Carla Pritchard didn't set out to have a career in the music industry although, when she was younger, she dreamed of being a backup singer. Now she oversees the Nightfall summer music series, a job she's held since its inception in 1992.
Monica Maples Kinsey never saw music being a part of her work either, but today she's owner and general manager of Track 29 and the Revelry Room.
Nor did thoughts of a music career enter the minds of Mary Howard Ade and Amelia Rodgers-Jones. Ade is the new music marketing director for the Chattanooga Convention & Visitors Bureau. For Rodgers-Jones, the co-founder of Chattanooga Girls Rock!, a weeklong summer music camp for girls, her involvement in music is more as a volunteer side gig.
Christie Burns, on the other hand, has known since her middle teens - shortly after her father put the kibosh on her dreams of being a hot-air balloonist - that music would dominate her life in some way. She moved to Chattanooga in 2007 as part of the ArtsMove program, which tries to lure artists of all stripes by offering incentives such as discounted housing through grants.
Soon after coming here, she helped start the Folk School of Chattanooga and was its first executive director. She also teaches music and was instrumental in bringing part of the Dosti Music Project, which features musicians from India, Pakistan and the United States, to town this past spring.
"Everything I do is related to music," Burns says.
All five of the women are part of the city's growing music scene and will likely play a big role in its future. A casual study of the musical landscape in Chattanooga today reveals that many of the people calling the musical shots are women. In fact, it could be argued that women represent the majority of the decision-makers in the local music scene.
* Musician Laura Walker now oversees the Folk School of Chattanooga.
* Cindy Pinion has co-produced the Boxcar Pinion Memorial Bluegrass Festival for 26 years and also books additional concerts throughout the year.
* Pat Hookey has produced Ringgold's Gospel Jubilee, which features more than 180 gospel acts, for 18 years.
* Samantha Teter heads the Chattanooga Symphony & Opera, which is conducted by Kayoko Dan, who is both the symphony's youngest conductor ever and first female in the role.
Further down the line, the assistants for both Pritchard and Kinsey are female.
"There are so many women doing things in the music industry in some shape or form here," says Kinsey. "They are trying to help our local scene and bringing different acts in, and this has all happened kind of under the radar. I don't think people realize that this has happened."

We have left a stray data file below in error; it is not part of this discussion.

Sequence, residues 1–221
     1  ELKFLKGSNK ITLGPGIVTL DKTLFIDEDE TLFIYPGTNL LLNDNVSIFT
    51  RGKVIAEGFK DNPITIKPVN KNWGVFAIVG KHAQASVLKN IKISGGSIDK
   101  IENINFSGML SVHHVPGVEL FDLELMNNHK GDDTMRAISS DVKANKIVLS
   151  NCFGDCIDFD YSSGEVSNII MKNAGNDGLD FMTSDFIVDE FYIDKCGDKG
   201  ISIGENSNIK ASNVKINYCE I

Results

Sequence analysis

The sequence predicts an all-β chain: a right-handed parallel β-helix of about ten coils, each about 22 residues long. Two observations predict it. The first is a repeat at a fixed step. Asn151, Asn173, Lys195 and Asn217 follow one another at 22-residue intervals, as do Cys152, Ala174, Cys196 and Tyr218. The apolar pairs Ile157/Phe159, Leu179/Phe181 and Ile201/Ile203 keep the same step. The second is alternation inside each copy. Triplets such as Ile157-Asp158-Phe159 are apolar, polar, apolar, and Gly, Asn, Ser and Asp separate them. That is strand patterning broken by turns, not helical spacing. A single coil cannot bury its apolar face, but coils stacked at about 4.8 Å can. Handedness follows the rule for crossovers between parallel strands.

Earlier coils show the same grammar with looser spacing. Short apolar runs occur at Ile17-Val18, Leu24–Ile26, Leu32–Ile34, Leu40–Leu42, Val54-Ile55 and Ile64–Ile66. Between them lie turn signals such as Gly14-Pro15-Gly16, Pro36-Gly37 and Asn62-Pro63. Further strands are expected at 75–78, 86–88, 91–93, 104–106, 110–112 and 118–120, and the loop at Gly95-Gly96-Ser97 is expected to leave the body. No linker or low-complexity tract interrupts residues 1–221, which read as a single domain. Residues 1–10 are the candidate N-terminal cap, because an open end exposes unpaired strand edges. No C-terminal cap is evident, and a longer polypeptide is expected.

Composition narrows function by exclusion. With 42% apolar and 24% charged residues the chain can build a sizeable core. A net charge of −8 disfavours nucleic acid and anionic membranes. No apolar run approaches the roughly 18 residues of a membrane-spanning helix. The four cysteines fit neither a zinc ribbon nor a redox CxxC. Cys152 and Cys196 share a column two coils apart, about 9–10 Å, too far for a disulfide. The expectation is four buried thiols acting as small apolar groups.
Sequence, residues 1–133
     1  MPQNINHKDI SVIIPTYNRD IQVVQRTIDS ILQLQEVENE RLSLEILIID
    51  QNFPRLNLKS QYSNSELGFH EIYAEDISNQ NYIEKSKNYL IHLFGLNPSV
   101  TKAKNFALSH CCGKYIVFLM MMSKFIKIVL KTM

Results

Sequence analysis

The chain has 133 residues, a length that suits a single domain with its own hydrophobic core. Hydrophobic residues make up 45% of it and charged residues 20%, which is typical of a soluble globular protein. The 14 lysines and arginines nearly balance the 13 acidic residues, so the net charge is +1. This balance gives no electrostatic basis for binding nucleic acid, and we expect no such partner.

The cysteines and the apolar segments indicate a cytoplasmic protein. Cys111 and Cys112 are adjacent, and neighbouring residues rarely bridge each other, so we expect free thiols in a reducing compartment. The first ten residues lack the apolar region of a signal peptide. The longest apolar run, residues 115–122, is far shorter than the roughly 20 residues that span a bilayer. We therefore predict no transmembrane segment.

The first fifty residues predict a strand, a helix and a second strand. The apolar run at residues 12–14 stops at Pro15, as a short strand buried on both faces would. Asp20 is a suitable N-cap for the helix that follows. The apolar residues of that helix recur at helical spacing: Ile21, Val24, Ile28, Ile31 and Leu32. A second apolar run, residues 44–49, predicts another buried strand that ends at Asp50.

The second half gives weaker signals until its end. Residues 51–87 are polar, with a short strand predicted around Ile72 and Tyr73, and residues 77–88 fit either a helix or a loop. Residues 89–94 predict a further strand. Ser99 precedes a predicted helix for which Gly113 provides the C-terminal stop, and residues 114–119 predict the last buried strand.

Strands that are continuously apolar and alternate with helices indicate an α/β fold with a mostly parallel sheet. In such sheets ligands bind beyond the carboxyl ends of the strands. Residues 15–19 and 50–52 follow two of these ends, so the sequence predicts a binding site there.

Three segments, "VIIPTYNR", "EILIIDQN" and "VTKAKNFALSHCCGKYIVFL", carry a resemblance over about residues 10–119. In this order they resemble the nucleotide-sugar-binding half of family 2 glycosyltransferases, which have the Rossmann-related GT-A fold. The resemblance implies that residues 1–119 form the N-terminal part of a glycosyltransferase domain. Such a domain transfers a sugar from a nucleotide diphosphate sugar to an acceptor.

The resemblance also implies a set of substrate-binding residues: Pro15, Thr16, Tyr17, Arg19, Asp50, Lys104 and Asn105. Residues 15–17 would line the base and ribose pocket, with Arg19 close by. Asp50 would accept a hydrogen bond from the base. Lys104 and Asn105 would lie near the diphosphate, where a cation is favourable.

How these particular women got to their various places is no different than how many people land on careers or find something that impacts lives and communities. Simply put, they found something they love - in this case music - and found ways to involve it in their lives.
"The arts are a reflection of our culture," says Rodgers-Jones, "and it also can have a strong influence on our culture. I just think it's the perfect way to reach people on a deep level."
None of the five planned early in their lives to be doing what they are doing today, though Burns likely comes the closest to having plotted a career course.
"I always knew music would be a part of it, but I thought it would be in academia. Teaching, maybe," she says. "I knew I wanted to travel and study music and be involved with music projects, and that's what I'm doing now."
And all took different journeys to get here.
In 1986, Pritchard, now 51, got her degree in public relations from the University of Tennessee at Chattanooga, not because PR was her dream career but because "I thought, 'I can do this.'
"I didn't know where it would take me. I had visions that it would be in some big corporation or at a nonprofit."
In her senior year at UTC, her degree path took her to an internship with Chattanooga Downtown Alliance. Within a few weeks, key people at the organization left or shifted positions and her unpaid gig turned into a paid position in charge of handling special events that promoted downtown and its businesses. Downtown Chattanooga at the time was a ghost town after 5 p.m. and Pritchard's timing helped her get in on the ground floor in the revitalization of her hometown.
As part of that internship/job, she produced the Downtown Block Party featuring Charlie Daniels, her first taste producing a musical event. She later took a job at Allied Arts (now ArtsBuild) and, in 1991, heard about a new organization called Chattanooga Downtown Partnership, which was being formed to produce events to draw people downtown. Pritchard reasoned that music would be the best draw.
"Everyone can relate to music, and that was viewed as the easy approach to animating downtown," she says.